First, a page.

Back in 1980, English prog-rock band Genesis was stuck in the morass of an endless, murky, sludgy album called DUKE, from which, surprisingly, two successful singles were released -- the dull, sludgy "Misunderstanding," and the almost-not-bad "Turn it on Again." And those were the album's HIGH points.
Meanwhile, down in North Carolina, an American prog-rock band called Glass Moon recorded and released their first album -- a sort-of more-commercial-sounding Genesis-style album, with catchy songs, a clear, punchy production, and excellent vocals, keyboards and guitar work.
Released on tiny Radio Records, it sold almost nothing. But maybe Genesis heard it, because their next album (ABACAB) was a pretty successful cross between arty stuff and pop....
But Glass Moon's 1st should have been a big hit. Melding the thick keyboards and Phil Collins-like vocals of Dave Adams to a catchy bunch of tunes, the punchy production should have led to lots of radio airplay. But it didn't.
There were at least four potential singles on this album. The opener, "Blue Windows," managed to be happy and upbeat despite a hookline that went "Hey, it doesn't matter at all...." Great keyboards and guitar, too. Could have been Genesis.
But that mega-star band would never have tried something as daring as "Killer at 25" -- which also manages to sound happy, despite the singer bragging (in a rather light, un-macho voice) about what a hell-raiser he was as a teenager and young adult. Maybe it wasn't meant to be taken seriously -- one line goes "Paul Simon loses no sleep over me ... I don't care/ Least I can say that I have all my hair...." Dave Adams sounds positively DELIGHTED to sing this. And there are TONS of keyboards all over this song.
"Follow Me" continues the momentum with some nice group vocals and strong keyboards -- nice chant-like choruses, too. This is followed by a leisurely, laid-back cover of Ian Lloyd's "Easy Life."
Then the obvious single at the end of Side 1 -- the rock-star-love-affair number "I Like the Way You Play," simple as a nursery rhyme. Unlike some singles, it doesn't get tiresome too quickly, despite the simplicity.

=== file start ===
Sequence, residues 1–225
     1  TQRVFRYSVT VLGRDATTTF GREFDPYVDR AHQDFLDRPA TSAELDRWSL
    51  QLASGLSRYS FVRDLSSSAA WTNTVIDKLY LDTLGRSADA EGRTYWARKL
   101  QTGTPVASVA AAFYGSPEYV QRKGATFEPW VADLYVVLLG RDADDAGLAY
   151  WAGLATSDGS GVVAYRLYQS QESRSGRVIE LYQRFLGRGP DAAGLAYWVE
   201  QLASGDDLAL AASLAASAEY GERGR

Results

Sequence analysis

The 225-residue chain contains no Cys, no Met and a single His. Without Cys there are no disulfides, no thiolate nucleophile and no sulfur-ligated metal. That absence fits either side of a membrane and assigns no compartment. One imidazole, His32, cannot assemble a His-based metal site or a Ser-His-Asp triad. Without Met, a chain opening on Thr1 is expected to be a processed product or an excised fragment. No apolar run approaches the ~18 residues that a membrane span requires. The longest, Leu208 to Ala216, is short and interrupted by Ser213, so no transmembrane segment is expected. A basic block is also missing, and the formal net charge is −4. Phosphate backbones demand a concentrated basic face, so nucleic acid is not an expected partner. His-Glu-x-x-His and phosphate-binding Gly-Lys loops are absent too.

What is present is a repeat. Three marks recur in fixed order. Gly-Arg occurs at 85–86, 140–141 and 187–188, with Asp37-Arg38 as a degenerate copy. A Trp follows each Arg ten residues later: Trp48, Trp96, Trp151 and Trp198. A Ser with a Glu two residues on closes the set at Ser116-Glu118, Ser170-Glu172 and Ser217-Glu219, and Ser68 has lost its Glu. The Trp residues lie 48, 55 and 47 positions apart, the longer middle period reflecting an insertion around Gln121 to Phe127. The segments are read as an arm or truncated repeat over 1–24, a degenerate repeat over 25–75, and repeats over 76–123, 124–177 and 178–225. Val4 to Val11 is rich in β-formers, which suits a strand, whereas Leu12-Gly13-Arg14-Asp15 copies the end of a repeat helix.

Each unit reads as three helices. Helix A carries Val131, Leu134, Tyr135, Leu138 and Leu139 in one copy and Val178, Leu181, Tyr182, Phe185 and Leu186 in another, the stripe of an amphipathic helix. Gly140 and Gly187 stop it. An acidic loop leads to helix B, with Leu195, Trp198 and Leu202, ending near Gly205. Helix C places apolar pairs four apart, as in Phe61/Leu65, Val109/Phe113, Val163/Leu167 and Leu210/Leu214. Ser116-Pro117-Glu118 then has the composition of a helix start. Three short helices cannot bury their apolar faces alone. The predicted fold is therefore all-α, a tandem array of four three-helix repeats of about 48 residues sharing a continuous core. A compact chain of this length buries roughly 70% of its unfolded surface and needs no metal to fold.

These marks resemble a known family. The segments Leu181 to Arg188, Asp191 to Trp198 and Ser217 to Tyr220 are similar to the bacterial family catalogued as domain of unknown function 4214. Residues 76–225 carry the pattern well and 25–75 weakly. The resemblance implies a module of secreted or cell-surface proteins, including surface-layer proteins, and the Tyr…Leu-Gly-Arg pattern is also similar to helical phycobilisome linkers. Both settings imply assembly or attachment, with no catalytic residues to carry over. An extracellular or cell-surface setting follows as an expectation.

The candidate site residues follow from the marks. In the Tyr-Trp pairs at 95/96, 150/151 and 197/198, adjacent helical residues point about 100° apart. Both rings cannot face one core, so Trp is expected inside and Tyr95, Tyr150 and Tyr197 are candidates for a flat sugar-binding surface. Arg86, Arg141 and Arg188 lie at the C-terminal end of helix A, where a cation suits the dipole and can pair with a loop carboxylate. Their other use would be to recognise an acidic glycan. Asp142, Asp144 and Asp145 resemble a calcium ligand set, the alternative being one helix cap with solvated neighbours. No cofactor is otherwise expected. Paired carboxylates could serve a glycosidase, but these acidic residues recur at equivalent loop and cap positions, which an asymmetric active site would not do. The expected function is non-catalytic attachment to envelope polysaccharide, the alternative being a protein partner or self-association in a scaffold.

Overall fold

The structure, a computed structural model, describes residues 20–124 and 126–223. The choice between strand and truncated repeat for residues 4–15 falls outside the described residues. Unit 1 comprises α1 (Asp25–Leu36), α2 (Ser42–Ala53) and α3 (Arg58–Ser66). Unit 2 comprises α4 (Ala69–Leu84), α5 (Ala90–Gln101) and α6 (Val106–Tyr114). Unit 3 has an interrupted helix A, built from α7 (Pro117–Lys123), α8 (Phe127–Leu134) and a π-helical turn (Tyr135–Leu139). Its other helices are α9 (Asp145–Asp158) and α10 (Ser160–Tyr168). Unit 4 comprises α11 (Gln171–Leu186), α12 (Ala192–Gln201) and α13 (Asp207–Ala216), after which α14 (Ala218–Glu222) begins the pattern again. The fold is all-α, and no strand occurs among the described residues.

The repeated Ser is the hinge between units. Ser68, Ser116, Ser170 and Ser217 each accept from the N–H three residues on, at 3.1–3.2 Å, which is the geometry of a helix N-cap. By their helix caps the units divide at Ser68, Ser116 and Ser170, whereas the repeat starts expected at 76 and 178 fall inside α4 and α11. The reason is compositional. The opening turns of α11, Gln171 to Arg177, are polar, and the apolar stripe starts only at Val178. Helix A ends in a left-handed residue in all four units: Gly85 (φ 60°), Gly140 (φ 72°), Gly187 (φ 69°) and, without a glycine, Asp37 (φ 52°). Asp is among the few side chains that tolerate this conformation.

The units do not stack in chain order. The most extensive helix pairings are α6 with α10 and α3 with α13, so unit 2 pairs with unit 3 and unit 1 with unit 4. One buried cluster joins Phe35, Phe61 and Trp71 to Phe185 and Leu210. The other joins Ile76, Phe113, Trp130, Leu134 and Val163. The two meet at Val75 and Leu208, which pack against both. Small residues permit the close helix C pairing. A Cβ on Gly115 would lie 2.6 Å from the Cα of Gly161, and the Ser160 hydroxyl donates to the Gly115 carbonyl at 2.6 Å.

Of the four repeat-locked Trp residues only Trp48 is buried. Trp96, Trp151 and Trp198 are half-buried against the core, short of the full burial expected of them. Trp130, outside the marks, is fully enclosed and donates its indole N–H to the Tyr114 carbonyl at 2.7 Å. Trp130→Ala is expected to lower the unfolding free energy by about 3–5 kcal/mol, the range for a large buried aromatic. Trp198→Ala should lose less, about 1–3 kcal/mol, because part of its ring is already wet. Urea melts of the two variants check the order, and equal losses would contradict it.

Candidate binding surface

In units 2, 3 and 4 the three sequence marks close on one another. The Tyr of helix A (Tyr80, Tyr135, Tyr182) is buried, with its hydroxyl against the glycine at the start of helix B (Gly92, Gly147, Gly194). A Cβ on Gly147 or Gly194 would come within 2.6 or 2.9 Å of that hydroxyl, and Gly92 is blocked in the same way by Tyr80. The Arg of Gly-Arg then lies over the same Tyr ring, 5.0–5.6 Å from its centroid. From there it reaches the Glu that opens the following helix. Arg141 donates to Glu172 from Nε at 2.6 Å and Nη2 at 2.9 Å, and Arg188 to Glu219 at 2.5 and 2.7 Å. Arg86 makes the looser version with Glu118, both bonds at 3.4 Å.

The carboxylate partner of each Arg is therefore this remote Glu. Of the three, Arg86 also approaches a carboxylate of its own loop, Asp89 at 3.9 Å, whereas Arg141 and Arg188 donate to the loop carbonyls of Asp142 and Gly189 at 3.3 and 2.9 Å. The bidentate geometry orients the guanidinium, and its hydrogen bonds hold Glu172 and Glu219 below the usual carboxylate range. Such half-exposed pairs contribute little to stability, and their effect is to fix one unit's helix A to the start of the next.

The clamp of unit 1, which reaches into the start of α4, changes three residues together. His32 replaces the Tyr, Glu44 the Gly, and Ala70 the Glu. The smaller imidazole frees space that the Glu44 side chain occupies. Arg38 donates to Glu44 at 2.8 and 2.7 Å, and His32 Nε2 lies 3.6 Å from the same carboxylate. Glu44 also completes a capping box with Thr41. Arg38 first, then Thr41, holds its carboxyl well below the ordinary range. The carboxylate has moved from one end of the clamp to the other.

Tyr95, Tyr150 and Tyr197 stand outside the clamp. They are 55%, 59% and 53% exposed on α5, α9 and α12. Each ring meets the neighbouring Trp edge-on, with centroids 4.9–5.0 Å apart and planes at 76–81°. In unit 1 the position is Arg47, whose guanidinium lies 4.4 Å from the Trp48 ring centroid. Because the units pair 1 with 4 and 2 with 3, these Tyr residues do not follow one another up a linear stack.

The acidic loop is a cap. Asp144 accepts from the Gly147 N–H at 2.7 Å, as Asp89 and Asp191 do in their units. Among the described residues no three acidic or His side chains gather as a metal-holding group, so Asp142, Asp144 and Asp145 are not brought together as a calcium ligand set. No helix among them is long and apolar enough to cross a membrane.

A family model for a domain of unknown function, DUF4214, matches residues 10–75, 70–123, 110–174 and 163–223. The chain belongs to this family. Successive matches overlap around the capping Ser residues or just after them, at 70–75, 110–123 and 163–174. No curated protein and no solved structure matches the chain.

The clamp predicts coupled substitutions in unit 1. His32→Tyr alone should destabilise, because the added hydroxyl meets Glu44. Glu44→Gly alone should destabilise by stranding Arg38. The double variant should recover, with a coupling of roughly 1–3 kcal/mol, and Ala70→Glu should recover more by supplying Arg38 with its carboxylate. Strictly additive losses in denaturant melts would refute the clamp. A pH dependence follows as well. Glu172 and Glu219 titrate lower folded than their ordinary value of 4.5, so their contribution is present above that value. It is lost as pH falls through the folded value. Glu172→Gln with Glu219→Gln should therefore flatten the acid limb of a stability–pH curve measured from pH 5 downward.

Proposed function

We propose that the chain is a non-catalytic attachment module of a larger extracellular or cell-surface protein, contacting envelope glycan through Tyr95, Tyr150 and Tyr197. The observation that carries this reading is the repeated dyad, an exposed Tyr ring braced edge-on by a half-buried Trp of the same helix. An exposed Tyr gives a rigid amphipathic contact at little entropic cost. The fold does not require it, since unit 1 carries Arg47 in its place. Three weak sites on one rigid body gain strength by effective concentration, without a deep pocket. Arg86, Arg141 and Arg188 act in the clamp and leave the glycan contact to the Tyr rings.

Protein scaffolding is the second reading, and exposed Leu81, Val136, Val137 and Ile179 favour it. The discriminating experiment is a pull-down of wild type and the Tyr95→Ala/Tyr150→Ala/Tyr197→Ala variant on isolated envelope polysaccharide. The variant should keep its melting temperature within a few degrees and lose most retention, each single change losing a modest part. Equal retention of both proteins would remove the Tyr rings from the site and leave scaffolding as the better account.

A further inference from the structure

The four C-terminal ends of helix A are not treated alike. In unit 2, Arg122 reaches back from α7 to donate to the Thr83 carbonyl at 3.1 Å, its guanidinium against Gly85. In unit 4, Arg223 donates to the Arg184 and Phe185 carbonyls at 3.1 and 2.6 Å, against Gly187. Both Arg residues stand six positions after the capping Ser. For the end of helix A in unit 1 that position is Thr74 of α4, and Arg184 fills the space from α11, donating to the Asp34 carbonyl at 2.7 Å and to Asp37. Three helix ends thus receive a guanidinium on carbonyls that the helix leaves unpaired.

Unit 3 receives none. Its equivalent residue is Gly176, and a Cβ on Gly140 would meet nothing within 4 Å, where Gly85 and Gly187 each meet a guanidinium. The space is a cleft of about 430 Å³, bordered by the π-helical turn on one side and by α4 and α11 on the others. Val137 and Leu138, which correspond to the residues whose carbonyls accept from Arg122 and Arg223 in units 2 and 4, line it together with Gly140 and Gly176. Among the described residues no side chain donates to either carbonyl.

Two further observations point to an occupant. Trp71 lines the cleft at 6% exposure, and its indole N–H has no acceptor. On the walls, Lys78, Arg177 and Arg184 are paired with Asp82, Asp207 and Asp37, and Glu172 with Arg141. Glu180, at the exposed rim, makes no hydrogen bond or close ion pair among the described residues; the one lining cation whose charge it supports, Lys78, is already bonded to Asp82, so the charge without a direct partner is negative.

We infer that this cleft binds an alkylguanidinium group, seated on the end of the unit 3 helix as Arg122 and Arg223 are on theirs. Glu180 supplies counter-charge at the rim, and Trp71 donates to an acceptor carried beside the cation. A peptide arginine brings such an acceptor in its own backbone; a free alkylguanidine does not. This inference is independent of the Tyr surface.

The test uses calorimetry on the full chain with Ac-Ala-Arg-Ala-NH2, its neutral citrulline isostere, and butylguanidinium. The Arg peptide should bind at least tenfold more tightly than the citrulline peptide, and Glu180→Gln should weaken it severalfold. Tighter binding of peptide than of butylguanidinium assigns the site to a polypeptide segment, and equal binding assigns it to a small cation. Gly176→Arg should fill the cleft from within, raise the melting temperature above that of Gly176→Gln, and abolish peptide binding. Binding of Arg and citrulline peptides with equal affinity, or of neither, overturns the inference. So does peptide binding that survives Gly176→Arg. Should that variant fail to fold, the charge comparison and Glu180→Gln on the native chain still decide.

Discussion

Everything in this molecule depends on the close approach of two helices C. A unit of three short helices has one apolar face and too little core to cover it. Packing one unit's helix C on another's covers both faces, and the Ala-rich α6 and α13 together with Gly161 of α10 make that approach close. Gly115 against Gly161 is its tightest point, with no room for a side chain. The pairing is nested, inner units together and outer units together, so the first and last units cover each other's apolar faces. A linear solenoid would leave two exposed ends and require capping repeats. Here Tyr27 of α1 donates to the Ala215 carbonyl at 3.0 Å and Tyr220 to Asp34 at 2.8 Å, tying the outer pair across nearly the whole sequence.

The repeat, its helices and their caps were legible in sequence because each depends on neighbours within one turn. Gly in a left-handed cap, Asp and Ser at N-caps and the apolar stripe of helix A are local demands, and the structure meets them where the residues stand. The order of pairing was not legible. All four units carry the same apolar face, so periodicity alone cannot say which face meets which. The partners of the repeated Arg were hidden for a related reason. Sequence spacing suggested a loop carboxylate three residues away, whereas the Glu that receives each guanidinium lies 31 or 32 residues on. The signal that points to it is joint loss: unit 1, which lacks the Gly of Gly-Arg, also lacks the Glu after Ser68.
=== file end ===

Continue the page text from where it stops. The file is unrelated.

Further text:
Over on Side 2, Glass Moon open with a striking, dramatic cover of Peter Gabriel's "Solsbury Hill," crashing into it with the kind of boomy, splashy, big sound that should have made it a huge hit.
Lots of keyboards and dramatic guitar set this one off. Don't know why it never caught on. Imagine an energetic late-'70s/early-'80s Phil-led Genesis doing this song, and you've got the sound. I'll bet Pete was happy with the results, too....
The middle of the side features the introspective companion-pieces "Only Have to Cry One Time" and "The Dreamer" -- OK, if not as consistent as Side 1. "The Dreamer" features shouted punctuations of "That's right!" in the choruses, which might have helped set it off as a potential single.
But I've been saving the best for last. The closer, "Sundays and Mondays," is a huge, melodramatic lost-love piece at the center of which is an amazing, thunderstorm-like guitar solo by Jamie Glaser that is the absolute high point of the album. After that solo, the rest of the song is kind of an afterthought. But the drama remains....
Despite the strong songs and a first-rate, dramatic production by Raymond Silva, Glass Moon's 1st album peaked at about #150 in the U.S.
In 1982, the band resurfaced on Atlantic Records with an album called GROWING IN THE DARK. The songs were shorter -- five to a side -- and the group's cover of the old Hollies hit "On a Carousel" briefly got some radio airplay.
After that I lost track of them, though Wikipedia says they released at least one more album with a slightly different line-up. Too bad -- the quartet, with Glaser sitting in on star-guitar, made some high-class overlooked music.
See if you can track the first album down. It's well worth it, especially if you're a middle-period Genesis fan. And even if you're not....